Responsive Facades and Smart Materials: Doris Sung’s Research with Thermobimetals
Many designers are drawn to the appeal of floor-to-ceiling glass facades, but what is gained in magnificent views is lost in energy efficiency. In order to compensate, architects currently deploy a complex web of sensors and wiring to monitor and manage the building’s energy needs. These active systems require specialized servicing and maintenance and can be quite expensive.
What if we could design with a material that could ‘self-ventilate, self-structure, self-shade and self-assemble’? By working with an intelligent system that behaves like human skin and requires no controls or energy to operate, architects can design facades that continue to contribute to daylighting and human wellbeing but come at a much lower energy cost.
We spoke with Doris Sung, founder of DOSU Studio Architecture and Director of Undergraduate Architecture Programs at the University of Southern California, about her studio dedicated to researching the potentials of smart materials.
Tell us about your academic and professional background, and how you became interested in Smart Materials and the ‘hard tech’ side of building design.
I started as a biology major at Princeton before diving into architecture at GSAPP for my Master of Architecture. While there, I challenged the tendency for building shells to be static and square and more like things we find in nature (i.e. dynamic, organic, and smart). For many years after, in my free time, I would build details and trinkets that would respond to movement, sound, light, and shape without the use of electricity or computer controls.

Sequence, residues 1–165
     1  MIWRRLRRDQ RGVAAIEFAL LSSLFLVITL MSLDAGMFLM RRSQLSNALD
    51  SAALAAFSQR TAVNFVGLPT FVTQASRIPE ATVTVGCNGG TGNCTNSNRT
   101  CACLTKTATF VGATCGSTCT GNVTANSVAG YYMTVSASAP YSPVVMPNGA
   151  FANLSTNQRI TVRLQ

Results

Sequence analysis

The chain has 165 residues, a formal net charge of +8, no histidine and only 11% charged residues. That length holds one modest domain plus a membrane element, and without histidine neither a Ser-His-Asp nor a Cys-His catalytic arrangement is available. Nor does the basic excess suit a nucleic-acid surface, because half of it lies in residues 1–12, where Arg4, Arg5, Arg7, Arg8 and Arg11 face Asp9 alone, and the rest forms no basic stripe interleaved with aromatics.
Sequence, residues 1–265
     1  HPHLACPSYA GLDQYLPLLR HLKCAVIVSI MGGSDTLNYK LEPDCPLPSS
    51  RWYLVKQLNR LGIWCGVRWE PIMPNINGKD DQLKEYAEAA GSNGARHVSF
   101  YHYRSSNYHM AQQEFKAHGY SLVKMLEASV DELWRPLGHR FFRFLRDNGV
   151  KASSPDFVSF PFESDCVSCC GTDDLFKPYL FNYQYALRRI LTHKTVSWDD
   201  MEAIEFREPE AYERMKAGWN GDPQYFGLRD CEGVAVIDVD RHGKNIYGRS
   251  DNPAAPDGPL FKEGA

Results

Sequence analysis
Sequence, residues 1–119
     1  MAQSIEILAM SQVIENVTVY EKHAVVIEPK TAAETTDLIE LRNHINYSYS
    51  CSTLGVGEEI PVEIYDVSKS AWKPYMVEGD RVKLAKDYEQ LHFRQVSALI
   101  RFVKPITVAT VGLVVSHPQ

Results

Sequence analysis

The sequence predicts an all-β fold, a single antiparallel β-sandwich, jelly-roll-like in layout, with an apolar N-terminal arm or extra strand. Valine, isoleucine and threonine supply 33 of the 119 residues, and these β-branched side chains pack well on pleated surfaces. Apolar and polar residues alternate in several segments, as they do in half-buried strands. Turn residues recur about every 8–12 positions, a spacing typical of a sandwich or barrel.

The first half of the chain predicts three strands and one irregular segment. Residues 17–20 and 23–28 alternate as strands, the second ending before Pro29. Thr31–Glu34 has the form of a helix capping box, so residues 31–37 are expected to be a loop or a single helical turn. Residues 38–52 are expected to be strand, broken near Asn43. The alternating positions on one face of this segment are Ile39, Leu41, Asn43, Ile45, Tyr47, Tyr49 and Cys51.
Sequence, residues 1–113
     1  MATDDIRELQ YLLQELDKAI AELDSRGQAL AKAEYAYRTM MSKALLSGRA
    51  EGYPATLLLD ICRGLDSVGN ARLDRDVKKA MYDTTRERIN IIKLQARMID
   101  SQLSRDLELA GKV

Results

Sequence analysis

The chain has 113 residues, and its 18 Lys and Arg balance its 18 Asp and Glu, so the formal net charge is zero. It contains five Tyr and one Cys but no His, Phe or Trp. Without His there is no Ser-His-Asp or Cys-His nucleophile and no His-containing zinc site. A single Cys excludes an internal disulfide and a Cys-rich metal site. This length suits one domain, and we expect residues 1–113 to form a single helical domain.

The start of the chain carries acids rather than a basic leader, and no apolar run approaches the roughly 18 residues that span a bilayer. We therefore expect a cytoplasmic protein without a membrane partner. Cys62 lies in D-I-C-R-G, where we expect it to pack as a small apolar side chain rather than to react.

About 15 years ago, I was obsessed with climate change (e.g., rising sea levels, acidification of our oceans, hotter temperatures, etc.) and the need for architecture to be designed to be resilient and adaptable. As a practicing architect, I noticed there were very few high-performance products available in the building market, unlike the automobile industry. And, it appeared that we architects were beholden to engineers to develop these projects. But, the DOD, DOE, and NSF were not funding innovation in building products (even though buildings use up to 45% of all energy). The greatest amount of funding (and therefore, research) was allocated to making HVAC systems more efficient. I felt strongly that architects had to get into the game and design elements for building envelopes, assuming that the skin of the building, like human skin, could be the first line of defense to reduce the use of energy and contribute less to greenhouse gases. So, in 2005 I decided to change my client-based practice into a research-based one. Since then, I have three patents and 50+ inventions for architecture.
Your research is based largely on the behaviors of thermobimetals as a type of architectural ‘skin.’ Could you explain what this material is and your process for studying its response to temperature change.
Thermobimetal is a lamination of two alloys of metal. Each alloy has a different coefficient of expansion, so when the temperature rises, the alloys will expand at different rates. The result is a curl.
I used the curl as a sensor and an actuator to respond to the outside temperatures, heat during construction, and other heat sources. By doing so, I can get surfaces to be dynamic, higher performing, and intelligent.